The results are in: we’re officially having less sex than ever - but not through choice. Could our trouble discussing our sexual worries be getting in the way of having a good time?

Sex. It’s not something we really talk about as a nation, is it? For many of us Brits, talking about sex is right up there with discussing our finances and actually confronting queue jumpers instead of tutting angrily. Somehow, sex has been relegated to something we don’t talk about in polite company. Why is that? Sex is great!

According to researchers from the London School of Hygiene and Tropical Medicine, our decline in having sex isn’t because we’re feeling less inclined to have a little quality alone time with our partner(s). Half of women and nearly two-thirds of men would like to be having more sex, but due to our busy schedules, stress, and feelings of exhaustion, we just aren’t making it a priority.

Could we be unwittingly missing out on the health benefits of regular sexual release, and could our reluctance to speak about of sex-related worried be making things seem that much more scary?

The benefits of sex - it’s more than just gratification

Don’t just take my word for it - science has been proving the benefits of a healthy sex life for years. According to the NHS, sexual arousal is good for your heart, penetrative sex can act as a stress buster, plus other forms of orgasms can help you feel more relaxed in similar ways to exercise or meditation.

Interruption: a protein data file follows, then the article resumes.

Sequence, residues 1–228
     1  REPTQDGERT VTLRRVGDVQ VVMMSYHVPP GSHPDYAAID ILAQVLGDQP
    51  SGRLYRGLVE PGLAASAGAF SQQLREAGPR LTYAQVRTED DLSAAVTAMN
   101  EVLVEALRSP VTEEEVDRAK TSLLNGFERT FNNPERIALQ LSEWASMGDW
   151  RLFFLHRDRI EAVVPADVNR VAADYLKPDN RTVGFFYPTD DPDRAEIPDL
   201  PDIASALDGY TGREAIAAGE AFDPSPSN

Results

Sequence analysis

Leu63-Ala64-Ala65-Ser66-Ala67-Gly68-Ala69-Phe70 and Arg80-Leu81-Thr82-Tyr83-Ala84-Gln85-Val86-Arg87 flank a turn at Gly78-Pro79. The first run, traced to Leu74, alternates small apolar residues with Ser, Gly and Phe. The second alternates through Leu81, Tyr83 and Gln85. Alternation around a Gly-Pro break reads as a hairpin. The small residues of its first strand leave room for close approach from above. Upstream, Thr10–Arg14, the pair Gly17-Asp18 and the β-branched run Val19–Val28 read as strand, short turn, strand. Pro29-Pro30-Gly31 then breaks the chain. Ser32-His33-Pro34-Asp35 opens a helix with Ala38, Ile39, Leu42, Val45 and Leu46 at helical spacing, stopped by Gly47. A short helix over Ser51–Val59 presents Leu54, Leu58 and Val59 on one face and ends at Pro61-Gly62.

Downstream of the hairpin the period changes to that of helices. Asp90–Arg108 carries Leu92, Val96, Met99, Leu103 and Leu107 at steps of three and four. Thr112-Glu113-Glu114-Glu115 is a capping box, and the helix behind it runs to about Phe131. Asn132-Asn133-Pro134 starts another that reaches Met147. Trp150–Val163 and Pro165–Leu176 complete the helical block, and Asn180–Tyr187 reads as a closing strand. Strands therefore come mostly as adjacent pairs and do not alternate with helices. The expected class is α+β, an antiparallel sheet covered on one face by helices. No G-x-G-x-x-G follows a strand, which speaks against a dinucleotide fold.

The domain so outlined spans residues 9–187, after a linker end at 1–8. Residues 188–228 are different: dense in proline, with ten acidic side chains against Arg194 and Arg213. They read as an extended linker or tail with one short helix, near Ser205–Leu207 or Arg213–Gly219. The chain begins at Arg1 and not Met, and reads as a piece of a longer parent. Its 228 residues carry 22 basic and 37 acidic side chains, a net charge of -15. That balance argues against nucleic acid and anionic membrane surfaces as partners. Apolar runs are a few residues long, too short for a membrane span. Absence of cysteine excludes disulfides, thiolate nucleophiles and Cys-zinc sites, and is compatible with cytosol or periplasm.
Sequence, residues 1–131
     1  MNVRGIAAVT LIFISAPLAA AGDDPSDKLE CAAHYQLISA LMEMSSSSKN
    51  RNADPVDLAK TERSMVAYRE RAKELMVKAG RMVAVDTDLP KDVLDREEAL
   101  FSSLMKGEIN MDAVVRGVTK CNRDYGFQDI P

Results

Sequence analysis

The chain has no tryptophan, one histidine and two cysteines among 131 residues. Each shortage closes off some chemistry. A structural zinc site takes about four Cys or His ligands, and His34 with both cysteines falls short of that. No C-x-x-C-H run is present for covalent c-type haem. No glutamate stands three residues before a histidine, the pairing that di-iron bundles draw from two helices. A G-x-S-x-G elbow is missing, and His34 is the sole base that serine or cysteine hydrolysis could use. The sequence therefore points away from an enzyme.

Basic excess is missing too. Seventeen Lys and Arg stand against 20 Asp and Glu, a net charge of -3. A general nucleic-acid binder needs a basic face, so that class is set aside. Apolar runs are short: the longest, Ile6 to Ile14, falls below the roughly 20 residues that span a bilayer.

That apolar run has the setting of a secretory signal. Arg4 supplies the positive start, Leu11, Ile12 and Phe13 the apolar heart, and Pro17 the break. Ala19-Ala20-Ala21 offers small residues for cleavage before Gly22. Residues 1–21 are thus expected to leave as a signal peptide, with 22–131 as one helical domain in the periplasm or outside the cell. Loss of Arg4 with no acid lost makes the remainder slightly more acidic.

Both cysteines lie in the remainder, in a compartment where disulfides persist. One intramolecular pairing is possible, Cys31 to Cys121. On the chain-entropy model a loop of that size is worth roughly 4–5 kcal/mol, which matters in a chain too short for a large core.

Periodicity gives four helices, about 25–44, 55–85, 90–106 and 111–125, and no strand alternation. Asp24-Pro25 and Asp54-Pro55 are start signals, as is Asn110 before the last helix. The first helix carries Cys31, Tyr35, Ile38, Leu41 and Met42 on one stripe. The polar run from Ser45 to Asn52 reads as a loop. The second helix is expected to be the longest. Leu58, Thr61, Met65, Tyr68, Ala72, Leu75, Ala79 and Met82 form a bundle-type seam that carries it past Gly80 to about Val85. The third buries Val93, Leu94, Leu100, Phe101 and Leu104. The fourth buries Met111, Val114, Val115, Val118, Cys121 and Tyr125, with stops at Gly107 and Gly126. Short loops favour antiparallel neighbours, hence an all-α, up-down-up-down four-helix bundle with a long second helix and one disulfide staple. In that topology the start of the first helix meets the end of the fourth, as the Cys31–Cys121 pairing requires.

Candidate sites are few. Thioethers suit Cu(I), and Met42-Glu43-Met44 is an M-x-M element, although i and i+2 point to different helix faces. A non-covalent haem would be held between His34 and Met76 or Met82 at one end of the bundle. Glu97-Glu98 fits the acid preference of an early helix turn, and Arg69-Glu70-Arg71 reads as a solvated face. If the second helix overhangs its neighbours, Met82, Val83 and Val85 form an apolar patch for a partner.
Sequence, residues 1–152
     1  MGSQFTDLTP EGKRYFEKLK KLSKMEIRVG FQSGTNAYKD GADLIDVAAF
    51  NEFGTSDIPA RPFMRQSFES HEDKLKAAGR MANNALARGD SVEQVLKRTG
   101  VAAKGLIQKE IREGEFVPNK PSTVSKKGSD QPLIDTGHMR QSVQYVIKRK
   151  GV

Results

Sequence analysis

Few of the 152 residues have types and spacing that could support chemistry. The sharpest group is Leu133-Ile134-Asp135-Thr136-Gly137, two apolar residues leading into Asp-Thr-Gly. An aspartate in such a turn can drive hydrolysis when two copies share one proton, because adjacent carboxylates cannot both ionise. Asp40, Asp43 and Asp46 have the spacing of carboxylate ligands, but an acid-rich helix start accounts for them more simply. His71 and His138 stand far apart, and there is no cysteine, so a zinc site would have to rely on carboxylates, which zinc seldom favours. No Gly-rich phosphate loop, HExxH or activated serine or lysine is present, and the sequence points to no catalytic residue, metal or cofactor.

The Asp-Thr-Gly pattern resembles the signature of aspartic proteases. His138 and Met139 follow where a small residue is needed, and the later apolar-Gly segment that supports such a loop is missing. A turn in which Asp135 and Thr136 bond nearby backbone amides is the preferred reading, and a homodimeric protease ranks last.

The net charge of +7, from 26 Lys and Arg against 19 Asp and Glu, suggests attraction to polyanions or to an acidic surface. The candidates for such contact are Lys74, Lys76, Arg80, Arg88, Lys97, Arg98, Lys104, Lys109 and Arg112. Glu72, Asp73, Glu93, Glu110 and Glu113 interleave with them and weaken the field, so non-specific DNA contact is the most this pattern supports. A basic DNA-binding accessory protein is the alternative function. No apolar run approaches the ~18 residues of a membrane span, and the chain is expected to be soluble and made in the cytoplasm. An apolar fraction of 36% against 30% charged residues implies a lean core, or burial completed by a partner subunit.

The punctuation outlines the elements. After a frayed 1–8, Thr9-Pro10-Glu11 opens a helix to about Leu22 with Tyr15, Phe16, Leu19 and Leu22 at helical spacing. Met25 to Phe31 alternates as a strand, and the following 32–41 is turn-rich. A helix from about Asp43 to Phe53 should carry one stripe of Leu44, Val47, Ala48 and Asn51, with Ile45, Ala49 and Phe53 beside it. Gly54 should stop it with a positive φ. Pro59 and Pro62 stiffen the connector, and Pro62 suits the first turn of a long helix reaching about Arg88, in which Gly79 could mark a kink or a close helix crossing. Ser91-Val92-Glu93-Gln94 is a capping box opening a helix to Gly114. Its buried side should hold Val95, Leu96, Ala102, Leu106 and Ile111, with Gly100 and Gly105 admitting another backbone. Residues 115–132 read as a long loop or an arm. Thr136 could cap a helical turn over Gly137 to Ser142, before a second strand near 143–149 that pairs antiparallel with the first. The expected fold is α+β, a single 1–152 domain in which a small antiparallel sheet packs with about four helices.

The feel-good hormones released during sex can also temporarily help reduce symptoms of anxiety and depression. The increase in physical activity that often comes with intimate relations can also help you to get a better night’s sleep, particularly if you orgasm as this releases prolactin (a hormone that makes you sleepier).

Sexual arousal and orgasm can also boost your oxytocin (the hormone that helps you feel connected to your partner) whilst lowering cortisol (a stress-related hormone). It’s a win-win. Sex just once or twice a week can help you fend off illness and boost your immune system, whilst those who have sex report a better sense of wellbeing and feeling healthier.

Doing the deed isn’t the only part of sexual relations that can benefit us. Hugging can help lower your heart rate and blood pressure, not to mention the benefits of feeling loved and supported; according to one study of 10,000 men, those who felt “loved and supported” faced a reduced risk of angina regardless of age and blood pressure.

Being single doesn’t have to present a problem. Masturbating can release the same feel-good hormones we benefit from with others, along with the added benefit of allowing us to better explore our own bodies, helping us figure out what we do (and don’t) like. Studies have even suggested a little solo fun can help you improve your body image.